Change is Beautiful!

Settling in to our NEW storefront studio space in bustling Rogers Park, we here at Loom Chicago are feeling entirely optimistic about what is coming next!

With new products, new space, new organization, and the introduction of Clearance and Feature Items, there will soon and continue to be lots of positive change to our brand and our website that ultimately benefits you, our Customer, and the refugee artisans of Loom.

With Loom Coordinator Rebecca’s passion for arts education and outreach and Assistant Coordinator Rachel’s organizational skills and go-getterness, we think we’ve got a pretty good thing going. Please be sure to keep in touch through Facebook and Instagram, come by and say hello at one of the many events we have coming up or pop by the studio space near Clark and Devon!

In The Studio: Natural Dyeing Silk Scarves

We had the joy of welcoming two local Chicago artists to the Loom studio this month to teach us how to naturally dye silk scarves.

We used natural dyes and 100% silk scarves during the process and tied them up to make beautiful designs on the scarves.

Over the course of three workshops, we used a grey/silver dye, a pinkish maroon dye, a purple dye and a yellow. They produced some beautiful colors for the Spring and Summer!


To tie them up we used clothes pins, rubber pants thick and thin, paper clips, wooden blocks, wooden cutouts, mason jars, Popsicle sticks and anything else we could find. Someone even tried wrapping up pencils in their scarves!

We laughed a lot watching each other tie up our scarves in curious ways. It was a show of creativity itself to see the strange ideas we would come up with!


After our first batch of scarves were tied up, we prepared the dye bath. Hot water was ready for the natural dye. The women added the powder and stirred it together. When the powder had fully dissolved, we added all our silk bundles into the pots and submerged them fully.


The women stirred the bundles of silk in the pots as we waited for the dye to set in. Some women continued their knitting projects, and others began tying up more silk scarves to put in the dye bath.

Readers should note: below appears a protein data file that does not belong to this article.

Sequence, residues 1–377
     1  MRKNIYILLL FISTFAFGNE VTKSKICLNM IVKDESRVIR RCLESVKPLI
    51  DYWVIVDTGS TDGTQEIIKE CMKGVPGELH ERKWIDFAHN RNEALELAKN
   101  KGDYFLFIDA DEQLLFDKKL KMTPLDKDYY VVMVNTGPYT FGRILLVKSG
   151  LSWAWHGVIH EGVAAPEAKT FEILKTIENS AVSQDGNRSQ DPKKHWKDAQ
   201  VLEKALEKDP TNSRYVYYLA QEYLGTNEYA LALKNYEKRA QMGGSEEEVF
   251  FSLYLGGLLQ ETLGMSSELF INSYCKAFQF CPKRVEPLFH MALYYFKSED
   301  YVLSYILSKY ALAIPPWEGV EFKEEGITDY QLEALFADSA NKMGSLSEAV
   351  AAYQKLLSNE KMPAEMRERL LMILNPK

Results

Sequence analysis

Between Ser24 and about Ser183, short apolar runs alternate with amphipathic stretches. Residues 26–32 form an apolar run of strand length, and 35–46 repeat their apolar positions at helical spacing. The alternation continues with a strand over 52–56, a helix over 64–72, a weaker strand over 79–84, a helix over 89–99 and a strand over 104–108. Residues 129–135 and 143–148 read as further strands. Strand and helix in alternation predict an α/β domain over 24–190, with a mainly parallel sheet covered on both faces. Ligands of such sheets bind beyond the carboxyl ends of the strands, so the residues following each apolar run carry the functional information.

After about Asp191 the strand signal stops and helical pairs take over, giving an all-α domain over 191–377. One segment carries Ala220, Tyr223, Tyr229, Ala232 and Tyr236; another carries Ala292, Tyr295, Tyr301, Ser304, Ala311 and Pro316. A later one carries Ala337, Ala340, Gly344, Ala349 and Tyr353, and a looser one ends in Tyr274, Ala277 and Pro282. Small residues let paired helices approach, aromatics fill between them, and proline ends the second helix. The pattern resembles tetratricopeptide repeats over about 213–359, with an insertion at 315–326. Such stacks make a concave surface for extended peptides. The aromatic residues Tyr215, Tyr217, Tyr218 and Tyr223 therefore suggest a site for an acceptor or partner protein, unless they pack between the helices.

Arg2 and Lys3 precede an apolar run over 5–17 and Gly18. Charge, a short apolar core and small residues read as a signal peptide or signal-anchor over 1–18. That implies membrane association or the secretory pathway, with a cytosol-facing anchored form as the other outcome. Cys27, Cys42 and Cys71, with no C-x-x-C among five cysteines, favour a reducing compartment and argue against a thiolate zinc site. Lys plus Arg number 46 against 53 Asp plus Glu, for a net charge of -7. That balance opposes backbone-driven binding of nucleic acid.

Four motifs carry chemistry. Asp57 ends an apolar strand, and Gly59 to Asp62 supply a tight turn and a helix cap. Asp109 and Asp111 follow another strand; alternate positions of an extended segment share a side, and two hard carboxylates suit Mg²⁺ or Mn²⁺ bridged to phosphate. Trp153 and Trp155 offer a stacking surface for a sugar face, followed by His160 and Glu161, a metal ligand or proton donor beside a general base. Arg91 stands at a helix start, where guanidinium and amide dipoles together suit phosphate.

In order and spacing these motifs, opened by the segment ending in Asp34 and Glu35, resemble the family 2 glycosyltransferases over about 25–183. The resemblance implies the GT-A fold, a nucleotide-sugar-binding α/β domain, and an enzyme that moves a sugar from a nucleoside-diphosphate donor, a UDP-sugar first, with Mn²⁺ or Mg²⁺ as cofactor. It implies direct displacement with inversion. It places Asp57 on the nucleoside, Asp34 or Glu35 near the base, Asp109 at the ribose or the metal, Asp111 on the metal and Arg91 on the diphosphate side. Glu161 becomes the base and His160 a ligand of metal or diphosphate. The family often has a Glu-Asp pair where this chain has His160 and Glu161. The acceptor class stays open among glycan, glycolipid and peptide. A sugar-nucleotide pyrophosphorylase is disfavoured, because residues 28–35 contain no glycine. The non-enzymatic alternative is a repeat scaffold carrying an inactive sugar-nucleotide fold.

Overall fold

We waited anywhere between 30 and 60 minutes for the color to really soak in.

When the time was up, we took turns scooping our silk scarves out of the pot and washed off the lingering dye.


We took our own silk scarves out of the water and began to undo the rubber bands from the balled up scarves.

Laughter and joy ensued after each unveiling. With each scarf, new, creative lines appeared among the bright dyed coloring. We displayed each scarf for everyone to see and marvel at before hanging them up to dry.


Each of the scarves have a little bit different shade of the dye color they were in. Some of the maroons were dark, some were closer to a light rose color. Some of the yellows were deep and bright, while others were light and airy. The shade all depended on the amount of time in the pot and how the scarves were tied up.

Each scarf turned out so unique! The designs are beautiful displays of the creative experiments we set out to make. It’s hard to imagine anyone wearing one of these scarves and not getting a compliment on it this summer!

We had so much fun with this workshop! Our silk scarves will be on sale at the upcoming pop up events this season. Hop on our email list to know just where you can purchase these gorgeous silk scarves!


In The Studio: Bead Earrings


The artisans of Loom have been working hard on jewelry for the Spring and Summer seasons. We have been creating an array of earrings. Crochet earrings and leather earrings are some of our unique projects, but our ladies have been most interested in creating bead earrings.

The artisans are drawn towards the creative endeavor of playing with colors, wires and lengths.

The colors we have been putting together are light and fun - a reminder of warming up and stepping back out after a long winter.

All of the Spring and Summer earring designs were thought of and creatively made by each woman. Each week at Loom, the ladies will bring in new creations they dreamed up and made at home or at Loom.